Some very big news was quietly made earlier this week.
Speaking on Tuesday at a Beyond Sports United event at Yankee Stadium, Commissioner David Stern estimated that league-wide revenue for the season would increase by about 20% from the last full season in 2010-11, to an all-time record $5 billion.
A year after the long and contentious collective bargaining agreement negotiations of 2011, during which the league claimed losses in the hundreds of millions of dollars and threatened “nuclear winter” if serious concessions weren’t made by its players, the NBA is apparently thriving.
Five billion dollars is a lot of money.
In fact, it’s significantly more money than the league was forecasting just a few months ago.
Since national TV revenue was already set, the league already knew about things like the Lakers’ and Celtics’ new multi-billion dollar local TV deals, and most other major revenue streams (such as ticket sales) have limited growth potential, it’s not entirely clear where all this unexpected growth is coming from. But it’s great news if you’re a Miami Heat fan.
The more revenue the league makes, the higher the salary cap and luxury tax threshold.
The cap and tax are calculated based on projected amounts of revenue (called “BRI”) and benefits for the upcoming season. The calculations take 44.74% and 53.51%, respectively, of this projected BRI, subtract projected benefits, and divide by the number of teams in the league. Adjustments are then made if, in the previous season, the players made less or substantially more in salaries and benefits than the split which was agreed to in the CBA.
The NBA was anticipating a projected BRI for the 2013-14 season of $4.48 billion as recently as July. That, in turn, produced an estimated salary cap of $60 million and an estimated luxury tax threshold of $73 million.
Things appear to have changed quite dramatically.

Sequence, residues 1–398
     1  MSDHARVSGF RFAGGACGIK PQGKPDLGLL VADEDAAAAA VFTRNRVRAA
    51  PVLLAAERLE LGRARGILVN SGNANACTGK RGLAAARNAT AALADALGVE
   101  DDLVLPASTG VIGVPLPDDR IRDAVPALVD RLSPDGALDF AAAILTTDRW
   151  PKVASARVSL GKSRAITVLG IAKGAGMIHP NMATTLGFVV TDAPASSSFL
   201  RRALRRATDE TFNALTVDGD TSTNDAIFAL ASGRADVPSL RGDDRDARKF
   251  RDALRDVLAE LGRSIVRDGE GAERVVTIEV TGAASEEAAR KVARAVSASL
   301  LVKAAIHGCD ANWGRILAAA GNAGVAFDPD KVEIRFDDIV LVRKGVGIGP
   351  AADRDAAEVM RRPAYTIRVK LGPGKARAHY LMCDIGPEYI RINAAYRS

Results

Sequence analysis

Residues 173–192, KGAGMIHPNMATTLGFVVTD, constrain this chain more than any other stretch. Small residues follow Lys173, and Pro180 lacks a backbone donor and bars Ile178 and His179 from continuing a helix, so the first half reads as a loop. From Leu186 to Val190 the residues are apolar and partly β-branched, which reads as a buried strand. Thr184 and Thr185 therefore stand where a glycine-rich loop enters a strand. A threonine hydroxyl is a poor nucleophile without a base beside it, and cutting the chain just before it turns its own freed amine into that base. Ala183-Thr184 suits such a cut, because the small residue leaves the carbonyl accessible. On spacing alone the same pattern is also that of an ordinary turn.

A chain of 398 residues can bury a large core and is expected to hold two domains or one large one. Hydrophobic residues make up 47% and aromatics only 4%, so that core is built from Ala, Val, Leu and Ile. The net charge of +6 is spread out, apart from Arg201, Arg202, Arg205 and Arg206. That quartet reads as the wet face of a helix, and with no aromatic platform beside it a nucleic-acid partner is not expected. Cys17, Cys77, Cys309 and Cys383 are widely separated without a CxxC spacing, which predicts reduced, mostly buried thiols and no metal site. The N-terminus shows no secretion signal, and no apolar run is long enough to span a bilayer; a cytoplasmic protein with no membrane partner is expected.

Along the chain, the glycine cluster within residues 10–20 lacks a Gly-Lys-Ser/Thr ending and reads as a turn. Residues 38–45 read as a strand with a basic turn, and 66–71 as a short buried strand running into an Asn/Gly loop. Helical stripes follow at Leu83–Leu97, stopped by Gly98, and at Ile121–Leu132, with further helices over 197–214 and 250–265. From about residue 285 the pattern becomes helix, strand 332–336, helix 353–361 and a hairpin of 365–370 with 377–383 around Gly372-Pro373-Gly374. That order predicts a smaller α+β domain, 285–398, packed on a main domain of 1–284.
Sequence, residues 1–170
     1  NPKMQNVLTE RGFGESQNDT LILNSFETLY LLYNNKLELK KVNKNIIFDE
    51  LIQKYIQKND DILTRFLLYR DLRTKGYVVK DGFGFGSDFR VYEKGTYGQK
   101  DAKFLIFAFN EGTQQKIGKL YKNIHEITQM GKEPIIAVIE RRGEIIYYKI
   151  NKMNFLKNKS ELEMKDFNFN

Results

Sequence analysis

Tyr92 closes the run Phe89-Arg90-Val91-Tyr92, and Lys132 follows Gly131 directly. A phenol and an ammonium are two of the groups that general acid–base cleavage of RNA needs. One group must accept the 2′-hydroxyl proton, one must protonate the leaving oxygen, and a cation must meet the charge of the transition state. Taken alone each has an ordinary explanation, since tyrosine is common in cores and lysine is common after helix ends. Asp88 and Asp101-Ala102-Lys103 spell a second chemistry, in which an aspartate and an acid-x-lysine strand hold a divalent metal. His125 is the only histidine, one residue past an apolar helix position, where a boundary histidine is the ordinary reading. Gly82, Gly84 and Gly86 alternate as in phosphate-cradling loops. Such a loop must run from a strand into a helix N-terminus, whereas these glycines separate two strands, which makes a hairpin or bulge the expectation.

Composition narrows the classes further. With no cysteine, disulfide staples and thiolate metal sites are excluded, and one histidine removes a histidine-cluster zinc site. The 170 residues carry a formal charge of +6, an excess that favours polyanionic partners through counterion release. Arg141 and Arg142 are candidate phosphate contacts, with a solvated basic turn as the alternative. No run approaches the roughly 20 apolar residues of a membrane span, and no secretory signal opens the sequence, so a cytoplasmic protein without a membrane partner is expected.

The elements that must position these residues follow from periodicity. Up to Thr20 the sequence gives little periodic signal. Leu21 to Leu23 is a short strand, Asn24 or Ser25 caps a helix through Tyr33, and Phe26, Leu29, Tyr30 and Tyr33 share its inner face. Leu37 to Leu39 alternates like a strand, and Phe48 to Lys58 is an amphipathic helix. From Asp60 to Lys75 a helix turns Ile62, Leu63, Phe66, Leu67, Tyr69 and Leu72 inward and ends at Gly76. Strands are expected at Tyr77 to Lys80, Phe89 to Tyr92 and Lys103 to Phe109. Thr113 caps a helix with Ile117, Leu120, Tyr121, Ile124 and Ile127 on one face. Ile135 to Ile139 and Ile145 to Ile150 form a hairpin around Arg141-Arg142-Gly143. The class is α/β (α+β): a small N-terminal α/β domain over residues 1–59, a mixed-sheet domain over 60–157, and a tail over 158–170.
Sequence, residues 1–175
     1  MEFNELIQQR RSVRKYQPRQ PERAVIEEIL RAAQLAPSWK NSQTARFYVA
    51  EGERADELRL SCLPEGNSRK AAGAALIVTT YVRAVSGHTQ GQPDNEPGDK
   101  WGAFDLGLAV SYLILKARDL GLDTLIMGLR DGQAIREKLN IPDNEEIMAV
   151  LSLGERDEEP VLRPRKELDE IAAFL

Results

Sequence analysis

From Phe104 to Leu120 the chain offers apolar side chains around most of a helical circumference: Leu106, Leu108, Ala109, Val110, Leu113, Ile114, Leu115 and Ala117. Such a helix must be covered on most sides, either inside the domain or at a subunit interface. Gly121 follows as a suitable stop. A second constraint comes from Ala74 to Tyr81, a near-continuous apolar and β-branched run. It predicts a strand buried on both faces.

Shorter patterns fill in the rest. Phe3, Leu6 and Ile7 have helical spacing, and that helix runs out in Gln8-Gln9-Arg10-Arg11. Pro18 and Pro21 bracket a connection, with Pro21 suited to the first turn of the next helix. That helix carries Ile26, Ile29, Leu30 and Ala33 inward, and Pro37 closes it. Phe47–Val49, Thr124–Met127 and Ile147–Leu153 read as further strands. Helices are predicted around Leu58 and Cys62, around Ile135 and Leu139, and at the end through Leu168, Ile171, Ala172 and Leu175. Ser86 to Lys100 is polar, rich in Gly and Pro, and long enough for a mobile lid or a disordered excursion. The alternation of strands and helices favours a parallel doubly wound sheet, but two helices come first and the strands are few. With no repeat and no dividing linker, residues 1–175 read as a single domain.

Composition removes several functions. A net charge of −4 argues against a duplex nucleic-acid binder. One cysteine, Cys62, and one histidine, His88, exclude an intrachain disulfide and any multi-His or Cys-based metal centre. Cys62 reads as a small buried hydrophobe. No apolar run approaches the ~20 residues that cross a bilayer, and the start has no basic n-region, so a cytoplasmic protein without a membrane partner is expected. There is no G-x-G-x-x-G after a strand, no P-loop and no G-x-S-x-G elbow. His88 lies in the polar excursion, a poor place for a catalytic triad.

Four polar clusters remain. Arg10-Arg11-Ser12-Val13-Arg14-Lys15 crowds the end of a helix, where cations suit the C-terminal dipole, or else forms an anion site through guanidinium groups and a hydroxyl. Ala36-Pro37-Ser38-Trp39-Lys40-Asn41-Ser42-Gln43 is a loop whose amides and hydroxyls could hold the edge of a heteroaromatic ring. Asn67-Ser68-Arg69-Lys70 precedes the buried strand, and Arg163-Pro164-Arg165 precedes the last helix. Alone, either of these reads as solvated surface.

While it is not entirely clear to what extent Stern was rounding when he threw out the $5 billion number (or if he was even referring to BRI specifically), his reference to a 20% increase from 2010-11 levels still suggests a rather staggering $4.58 billion in BRI for the current season.
And if this season’s revenues are $4.58 billion, then next year’s revenue forecast would presumably be higher than that. At a modest 4% growth rate, the league’s initial growth rate target for next season, projected BRI for 2013-14 would then be set at roughly $4.76 billion. Two weeks into game action, revenue forecasts for next season appear to have increased by over $280 million!
If these BRI projections prove correct, the 2013-14 salary cap would jump to $64 million and the luxury tax threshold to $78 million.
That’s an unexpected $5 million boost to the tax level. That may not sound like much, but it’s massive when considering the league’s new progressive tax system kicks in next season. At the Heat’s current payroll level, such an increase amounts to tax savings for Heat owner Micky Arison of between $9 million and $13 million.
That’s money that could potentially be re-deployed. At this increased luxury tax level, and with some offseason maneuvering, the Heat could potentially utilize its mini-midlevel exception and still keep its total payroll (including salary, tax and amnesty obligations) below the $98 million level at which it is spending this season. That would be huge, particularly given that we started the season thinking this was the best the Heat was ever going to be, that the future was all about maintaining rather than retooling.
And things could get even better.
Remember that uniform advertising plan that was going to be implemented starting next season? Well, it’s reportedly dead. At least for now. Why? I wish I could say it’s because of the strong national movement opposing it. It is, after all, an awful idea. The real reason, though, has a familiar undercurrent to it: apparently the plan is dead because the owners couldn’t agree on how to share the profits.
But things could change. They could figure it out. And if they do, it could mean big incremental dollars. Deputy Commissioner Adam Silver said that the league as a whole could gain $100 million in additional revenue by selling small 2-inch-by-2-inch patches on the jerseys of each team. That’s a potential $2 million incremental increase to both the cap and the tax.
Is an $80 million luxury tax threshold likely for next season? No. But it’s possible.
Not bad for a league claiming to be in dire financial distress less than one year ago.